Dr Patrick Collins – Economic Geographer
Patrick is an economic geographer at NUI Galway. He is also NUI Galway's lead consultant for the Galway European Capital of Culture 2020 bid team.
Tell us a bit about yourself
I'm from Galway. I went to the Jes Bunscoil and Jes Secondary. Happy days; a good time all told. The Jesuit education helped you realise yourself as an individual. It was great - it was really great. Their ethos is much lauded, for me it was about just trusting in people, and it was distinctly non-authoritarian. There was a liberal attitude of, ‘If you want to do it, do it, but deal with the consequences'. And that's really great. That trust was a really important part of that school. After that I came to NUI Galway to study Geography and Economics and I've been stuck between Geography and Economics ever since.
After I finished my undergraduate I did an MA in Applied Economics and then I went over to the UK and did a PhD in Human Geography. Then I came back here for a year and, I'm sure you heard this one before...I'm still here ten years later. I came back here as a Postdoctoral researcher in the Whitaker Institute and did some fairly interesting work there; it's very different to where I am now, but really informs where I am now.
So what does your work for the University entail?
I'm an economic geographer. I'm interested, in the most purest form, why some places are wealthy and others are not. I'm seriously interested in the spatial distribution of wealth. At the very most basic form, that's it. People look at countries and the difference between countries. I'm more interested in the difference between localities. My PhD looked at the golden era of the late 90s early 00s and focused on the software industry - how software and the software industry is going to radically transform geography. The idea that you could be in Belmullet or you could be in Boston and it didn't matter because you're all online - that had huge implications for geography. Some people said that geography was a dead discipline because of this, but I set out to look at what the new geography of the contemporary world that we live in is and in many ways, its far more interesting.
Geography and wealth distribution used to be fairly easy to understand. If you go long enough back, it has to do with soils. So wealthy places had good soils, good agriculture, good economies. Then through the 18th century and industrialisation, things changed; wealth was about natural resources underneath the soil, but wealth was still tied to geography. So places like the North of England and the East Coast of the United States became very wealthy because they had the coal, the steel and those natural resources for industrialisation. Now, in this world, wealth is digital; it's anywhere. There is no tie between physical geography and wealth. Countries like Singapore, countries like Ireland, with no natural resources, no real good soil to speak of in terms of the kind of scale that you need to be a wealthy economy, are wealthy economies. That's really interesting, because it's a complete detachment from the actual place that we live in, the actual physical geography. That's the starting point of a lot of my work.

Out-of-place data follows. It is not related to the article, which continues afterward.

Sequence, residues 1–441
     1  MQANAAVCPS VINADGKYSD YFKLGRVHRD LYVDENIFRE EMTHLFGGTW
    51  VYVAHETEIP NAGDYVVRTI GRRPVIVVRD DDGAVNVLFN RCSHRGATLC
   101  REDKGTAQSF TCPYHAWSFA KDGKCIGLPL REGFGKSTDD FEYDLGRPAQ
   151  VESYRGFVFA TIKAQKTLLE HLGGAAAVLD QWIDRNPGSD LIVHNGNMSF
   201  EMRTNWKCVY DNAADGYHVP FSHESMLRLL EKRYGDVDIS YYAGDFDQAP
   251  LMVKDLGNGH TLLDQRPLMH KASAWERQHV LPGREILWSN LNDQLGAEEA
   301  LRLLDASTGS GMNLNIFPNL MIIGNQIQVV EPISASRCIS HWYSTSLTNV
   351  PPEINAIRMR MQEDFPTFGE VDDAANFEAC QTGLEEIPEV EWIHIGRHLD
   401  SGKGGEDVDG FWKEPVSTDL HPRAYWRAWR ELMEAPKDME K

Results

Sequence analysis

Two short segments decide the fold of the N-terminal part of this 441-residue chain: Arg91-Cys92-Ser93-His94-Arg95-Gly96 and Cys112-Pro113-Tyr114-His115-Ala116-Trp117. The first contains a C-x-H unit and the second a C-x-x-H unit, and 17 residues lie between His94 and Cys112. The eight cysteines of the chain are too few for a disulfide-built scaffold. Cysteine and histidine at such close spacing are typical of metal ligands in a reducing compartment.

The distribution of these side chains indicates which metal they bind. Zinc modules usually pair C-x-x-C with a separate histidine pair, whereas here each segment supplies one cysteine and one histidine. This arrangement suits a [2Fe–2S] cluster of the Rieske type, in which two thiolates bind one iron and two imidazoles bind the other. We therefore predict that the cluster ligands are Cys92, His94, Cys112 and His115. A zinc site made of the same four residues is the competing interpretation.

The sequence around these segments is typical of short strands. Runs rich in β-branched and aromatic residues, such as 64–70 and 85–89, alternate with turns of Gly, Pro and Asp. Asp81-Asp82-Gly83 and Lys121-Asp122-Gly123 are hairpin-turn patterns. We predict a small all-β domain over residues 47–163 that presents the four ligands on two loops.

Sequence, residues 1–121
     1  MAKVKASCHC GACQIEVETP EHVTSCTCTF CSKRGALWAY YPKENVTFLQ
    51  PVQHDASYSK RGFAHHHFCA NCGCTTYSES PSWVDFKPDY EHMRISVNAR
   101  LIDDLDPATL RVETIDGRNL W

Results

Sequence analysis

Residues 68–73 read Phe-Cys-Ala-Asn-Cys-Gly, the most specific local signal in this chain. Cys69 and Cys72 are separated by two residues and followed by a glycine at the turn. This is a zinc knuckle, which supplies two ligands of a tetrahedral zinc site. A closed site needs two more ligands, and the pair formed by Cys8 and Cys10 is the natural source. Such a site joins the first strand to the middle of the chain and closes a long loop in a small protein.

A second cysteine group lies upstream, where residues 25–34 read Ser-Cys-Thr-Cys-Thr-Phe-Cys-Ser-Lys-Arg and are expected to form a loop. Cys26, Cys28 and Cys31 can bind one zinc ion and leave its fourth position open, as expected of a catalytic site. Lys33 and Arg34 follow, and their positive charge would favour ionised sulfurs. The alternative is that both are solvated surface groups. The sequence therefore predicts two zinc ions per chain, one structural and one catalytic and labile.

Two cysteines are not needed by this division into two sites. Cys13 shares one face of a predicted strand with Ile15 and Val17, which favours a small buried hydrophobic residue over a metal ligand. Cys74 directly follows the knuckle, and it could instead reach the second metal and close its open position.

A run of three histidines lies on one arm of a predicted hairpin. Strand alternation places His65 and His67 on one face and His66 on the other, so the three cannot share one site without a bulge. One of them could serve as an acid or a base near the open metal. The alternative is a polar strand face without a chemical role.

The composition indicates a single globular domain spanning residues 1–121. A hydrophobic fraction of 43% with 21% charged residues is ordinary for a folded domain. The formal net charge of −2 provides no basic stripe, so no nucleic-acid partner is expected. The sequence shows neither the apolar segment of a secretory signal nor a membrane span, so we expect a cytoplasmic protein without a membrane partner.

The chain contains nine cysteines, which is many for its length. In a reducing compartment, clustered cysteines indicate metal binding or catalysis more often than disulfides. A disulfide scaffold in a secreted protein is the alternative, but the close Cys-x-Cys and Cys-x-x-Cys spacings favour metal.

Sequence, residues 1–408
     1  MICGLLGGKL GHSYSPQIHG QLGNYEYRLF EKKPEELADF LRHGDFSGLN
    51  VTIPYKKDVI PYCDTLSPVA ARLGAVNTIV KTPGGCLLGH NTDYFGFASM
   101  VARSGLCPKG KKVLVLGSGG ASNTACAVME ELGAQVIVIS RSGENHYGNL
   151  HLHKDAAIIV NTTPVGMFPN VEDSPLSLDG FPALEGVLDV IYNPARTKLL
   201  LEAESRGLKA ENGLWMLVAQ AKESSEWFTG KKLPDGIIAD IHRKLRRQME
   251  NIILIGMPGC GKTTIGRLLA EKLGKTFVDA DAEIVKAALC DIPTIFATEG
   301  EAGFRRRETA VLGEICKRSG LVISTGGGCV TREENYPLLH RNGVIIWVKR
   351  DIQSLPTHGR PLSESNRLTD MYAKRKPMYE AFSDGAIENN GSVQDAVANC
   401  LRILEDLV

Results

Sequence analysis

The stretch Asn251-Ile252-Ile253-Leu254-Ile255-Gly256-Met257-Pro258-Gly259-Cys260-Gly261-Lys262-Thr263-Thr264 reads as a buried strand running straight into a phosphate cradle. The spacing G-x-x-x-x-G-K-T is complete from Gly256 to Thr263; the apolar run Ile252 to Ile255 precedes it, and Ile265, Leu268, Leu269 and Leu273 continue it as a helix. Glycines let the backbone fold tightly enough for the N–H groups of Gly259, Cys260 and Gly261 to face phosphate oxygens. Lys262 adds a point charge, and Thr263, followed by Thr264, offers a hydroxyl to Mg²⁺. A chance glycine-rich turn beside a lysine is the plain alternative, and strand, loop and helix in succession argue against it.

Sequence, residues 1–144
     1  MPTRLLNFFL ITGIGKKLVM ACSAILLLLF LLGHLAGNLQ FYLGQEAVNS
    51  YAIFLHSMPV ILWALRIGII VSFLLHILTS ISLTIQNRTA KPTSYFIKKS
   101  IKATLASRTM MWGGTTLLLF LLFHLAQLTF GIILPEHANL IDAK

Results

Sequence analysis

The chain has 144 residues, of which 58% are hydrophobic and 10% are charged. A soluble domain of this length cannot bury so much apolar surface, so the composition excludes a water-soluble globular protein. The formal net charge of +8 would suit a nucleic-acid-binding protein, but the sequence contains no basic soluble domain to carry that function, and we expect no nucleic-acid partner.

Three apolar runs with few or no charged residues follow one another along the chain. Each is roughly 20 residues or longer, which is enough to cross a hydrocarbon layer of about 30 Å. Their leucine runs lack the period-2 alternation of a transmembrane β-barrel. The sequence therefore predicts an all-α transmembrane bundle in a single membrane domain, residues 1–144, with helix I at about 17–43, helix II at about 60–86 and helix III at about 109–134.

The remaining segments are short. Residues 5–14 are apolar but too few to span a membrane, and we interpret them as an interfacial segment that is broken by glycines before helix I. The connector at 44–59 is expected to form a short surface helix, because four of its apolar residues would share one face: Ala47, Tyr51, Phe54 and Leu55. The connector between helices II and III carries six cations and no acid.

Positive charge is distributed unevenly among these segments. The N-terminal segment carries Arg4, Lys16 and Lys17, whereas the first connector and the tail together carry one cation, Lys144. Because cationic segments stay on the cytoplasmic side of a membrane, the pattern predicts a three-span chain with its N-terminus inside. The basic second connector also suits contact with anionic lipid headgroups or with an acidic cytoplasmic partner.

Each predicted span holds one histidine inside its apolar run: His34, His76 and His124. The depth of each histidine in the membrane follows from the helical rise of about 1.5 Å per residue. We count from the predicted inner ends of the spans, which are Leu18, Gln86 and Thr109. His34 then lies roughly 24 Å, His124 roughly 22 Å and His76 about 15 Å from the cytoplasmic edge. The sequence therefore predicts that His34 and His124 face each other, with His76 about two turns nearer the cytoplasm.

When I came back to Galway, I looked at location patterns, and was inspired by the question; ‘Why are so many American multinationals setting up in Ireland?' And everybody said, ‘Well, it's corporation tax', and you say; ‘Yes, that's true, but it's not all of the story'. And it absolutely categorically is not. I would say that they're choosing Ireland for many reasons, much more interesting than a tax regime. After talking to heads of the likes of Microsoft and Dell and Intel and talking about the story of their location in Ireland, words that kept on coming up have been words like creativity, words like culture, words like livability, words like authenticity. These are the keywords that mark out Ireland in the location decision of these global entities. Corporation tax is fine; it sits somewhere in an excel sheet to do the numbers, but what really seems to be active in the decision process has much more to do with those keywords. So it's the ability of our workforce to critically engage with tasks, it's the perceived innate creativity in the country, it's this notion of Ireland as being a very livable place, a good place to bring up your family. Of course, there is a real geography at play - its access to a European market - that's huge as well. But those other words were the words that piqued my interest and pointed me in another direction.
"Galway is exciting, it's on the edge, it affords us a unique perspective on life, and that all comes down to Geography… I would say that."
With that in mind, how does Galway rate?
The Creative Edge project that I kicked off in 2009 set out to explicitly try to do that - to see exactly how places rate with all these words. It's really a cultural index. We tried to map across the western seaboard and across the island of Ireland, so you're looking at identifying the hotspots of culture. You're taking all these metrics that are disparate and never brought together and you're adding your own metrics to it to basically put an index of culture on places so you're not going to have an answer for one place in an absolute term, you're only going to have it relative to other places. So what you do is you go out and you map things that are mappable like the amount of creative industries, you map the extent of your cultural infrastructure. There are international standard categories that include things like festivals, that include things like your gastronomy sector - any metrics we have on livability from health indicators, to education standards, to school class sizes. It's a trawl, its datamining in a near mind numbing way, but you do it to try to see how cultural a place is and as it turns out, Galway does well. An index like this is only really as good as the extent to which it's mapped. So our plan now is to put this index out across Europe to see really and truly how culture, creativity, livability, impact on the economic performance of places.